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Delight Your Friends: Your Handwriting and 44 Cents

News flash: I got a handwritten note in the mail.

My friend Jess took the time to write 13 sentences on a note card, expressing both thanks for a favor and support for a tricky situation I was handling. Then she affixed a stamp and dropped it in a mailbox somewhere. Two days later, it arrived at my house. I was totally bowled over.

When you work from home like I do, getting the mail is a big part of the day. The walk down the driveway, the careful glance around for wildlife, the search through the catalogs for checks from slow-to-pay employers. And when there's personal mail in there - not just hate mail from the two candidates vying for Pennsylvania's 15th district House seat - oh, boy.

Maybe I need to get out more. I called Peter Hopkins, the historian for paper company Crane, to see why I was so touched by this note. It's the handwriting that makes the communication memorable, the time someone takes to put pen to paper. Handwriting, Hopkins says, shows "sincerity, courtesy and respect, and those three things are very difficult to express in a text or an e-mail."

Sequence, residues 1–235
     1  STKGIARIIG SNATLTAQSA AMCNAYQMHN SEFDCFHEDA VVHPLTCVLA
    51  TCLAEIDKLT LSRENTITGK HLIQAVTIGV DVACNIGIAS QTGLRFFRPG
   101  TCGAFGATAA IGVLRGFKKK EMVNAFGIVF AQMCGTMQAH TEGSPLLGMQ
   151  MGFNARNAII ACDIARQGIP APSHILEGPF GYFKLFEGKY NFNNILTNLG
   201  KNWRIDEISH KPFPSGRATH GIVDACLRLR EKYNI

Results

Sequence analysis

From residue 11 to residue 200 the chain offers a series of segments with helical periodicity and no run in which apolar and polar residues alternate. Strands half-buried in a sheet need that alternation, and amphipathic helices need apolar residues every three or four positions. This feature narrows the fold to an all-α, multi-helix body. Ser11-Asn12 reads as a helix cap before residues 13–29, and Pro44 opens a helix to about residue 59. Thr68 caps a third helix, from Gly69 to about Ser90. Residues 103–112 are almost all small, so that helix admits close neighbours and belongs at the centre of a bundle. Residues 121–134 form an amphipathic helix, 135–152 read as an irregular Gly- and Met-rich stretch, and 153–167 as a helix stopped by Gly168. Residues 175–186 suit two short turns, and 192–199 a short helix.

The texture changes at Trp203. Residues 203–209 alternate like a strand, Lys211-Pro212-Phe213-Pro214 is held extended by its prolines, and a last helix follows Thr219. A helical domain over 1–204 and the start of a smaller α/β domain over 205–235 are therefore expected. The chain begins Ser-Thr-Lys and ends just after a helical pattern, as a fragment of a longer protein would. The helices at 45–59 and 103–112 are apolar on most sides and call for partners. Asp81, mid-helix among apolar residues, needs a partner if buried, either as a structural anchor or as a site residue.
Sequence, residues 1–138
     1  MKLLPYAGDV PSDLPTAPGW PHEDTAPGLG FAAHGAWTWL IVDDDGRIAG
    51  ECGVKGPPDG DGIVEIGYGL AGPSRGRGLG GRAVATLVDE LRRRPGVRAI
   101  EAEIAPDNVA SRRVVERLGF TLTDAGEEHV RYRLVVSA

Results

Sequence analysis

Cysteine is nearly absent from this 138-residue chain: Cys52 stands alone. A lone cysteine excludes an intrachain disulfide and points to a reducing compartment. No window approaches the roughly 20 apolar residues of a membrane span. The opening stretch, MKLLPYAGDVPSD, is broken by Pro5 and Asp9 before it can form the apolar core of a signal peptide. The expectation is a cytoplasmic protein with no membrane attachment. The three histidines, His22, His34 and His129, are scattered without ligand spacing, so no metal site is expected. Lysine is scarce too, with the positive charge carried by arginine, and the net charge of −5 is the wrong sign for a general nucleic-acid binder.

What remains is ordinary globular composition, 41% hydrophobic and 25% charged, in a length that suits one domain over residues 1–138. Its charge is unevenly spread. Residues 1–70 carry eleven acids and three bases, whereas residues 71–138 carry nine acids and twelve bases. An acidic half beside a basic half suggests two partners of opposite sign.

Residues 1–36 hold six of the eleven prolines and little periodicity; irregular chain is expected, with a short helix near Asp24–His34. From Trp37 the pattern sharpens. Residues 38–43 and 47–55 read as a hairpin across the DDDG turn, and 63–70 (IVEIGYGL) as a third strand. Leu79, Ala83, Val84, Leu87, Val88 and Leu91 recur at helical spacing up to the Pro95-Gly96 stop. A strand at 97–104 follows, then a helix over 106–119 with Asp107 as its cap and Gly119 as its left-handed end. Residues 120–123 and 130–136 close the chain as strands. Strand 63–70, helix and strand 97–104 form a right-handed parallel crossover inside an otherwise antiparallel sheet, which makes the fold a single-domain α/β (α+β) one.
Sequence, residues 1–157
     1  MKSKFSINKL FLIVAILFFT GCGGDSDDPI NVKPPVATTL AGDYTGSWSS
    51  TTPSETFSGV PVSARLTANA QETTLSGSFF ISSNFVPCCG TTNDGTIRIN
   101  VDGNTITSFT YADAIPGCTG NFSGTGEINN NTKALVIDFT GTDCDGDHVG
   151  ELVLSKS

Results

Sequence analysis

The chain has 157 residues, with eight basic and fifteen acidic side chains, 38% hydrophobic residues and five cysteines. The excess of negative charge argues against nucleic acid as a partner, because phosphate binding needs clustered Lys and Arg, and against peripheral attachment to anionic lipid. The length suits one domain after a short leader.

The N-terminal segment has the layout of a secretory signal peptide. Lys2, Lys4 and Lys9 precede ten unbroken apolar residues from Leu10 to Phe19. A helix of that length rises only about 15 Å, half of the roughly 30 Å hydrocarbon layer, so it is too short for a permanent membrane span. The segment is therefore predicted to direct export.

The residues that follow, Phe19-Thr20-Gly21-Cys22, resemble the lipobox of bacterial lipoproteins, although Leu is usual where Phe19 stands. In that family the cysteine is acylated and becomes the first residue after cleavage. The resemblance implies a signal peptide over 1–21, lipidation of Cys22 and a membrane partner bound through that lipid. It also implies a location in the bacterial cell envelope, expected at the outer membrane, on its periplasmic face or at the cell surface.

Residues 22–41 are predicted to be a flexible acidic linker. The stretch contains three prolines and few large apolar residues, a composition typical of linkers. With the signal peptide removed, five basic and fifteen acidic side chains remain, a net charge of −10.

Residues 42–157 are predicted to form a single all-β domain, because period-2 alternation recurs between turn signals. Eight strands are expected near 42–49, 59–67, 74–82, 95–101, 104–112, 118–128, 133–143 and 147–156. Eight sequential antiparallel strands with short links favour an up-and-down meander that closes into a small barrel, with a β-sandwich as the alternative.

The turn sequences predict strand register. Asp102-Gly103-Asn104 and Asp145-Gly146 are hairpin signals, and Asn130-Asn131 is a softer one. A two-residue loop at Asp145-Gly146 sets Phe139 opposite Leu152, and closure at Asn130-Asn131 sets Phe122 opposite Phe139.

I feel the same way about handwriting on holiday cards. I'm old-school about them. Last week, when I ordered our family's Christmas card, I could have used the Tiny Prints mailing service. According to the site, "You can request that our staff address your envelopes, stamp them and send them directly to the recipients for you. With our mailing service, you only pay for printed return addresses (35¢ each) plus the cost of stamps. We don't charge any additional service fee to send your cards for you!"

Then the card will arrive at the recipient's house without a single word of handwriting anywhere on it. What good is that? I try to add a handwritten sentence or two to each one, some sign that I'm alive and the driving force behind the cards. Proof, hopefully, that for a moment I'm thinking about the person getting the card. Otherwise, exchanging cards feels pointless. You, high school friend, are sending me a picture of your kids. It's like mailing me a baseball card. I don't need a picture of your kids, cute as they may be. I need to know how you are!

Am I completely off my rocker? Am I the only one keeping score on these things? Try it this year, and let me know what happens. One handwritten note to a friend - just because. One handwritten holiday card, even if it just says, "Thinking of you these holidays. Hope we can get together in 2011." You never know, your high school friend might be working from home these days. In which case, trust me, it'll be a huge hit.

Photo courtesy Flickr user Seth W., CC 2.0
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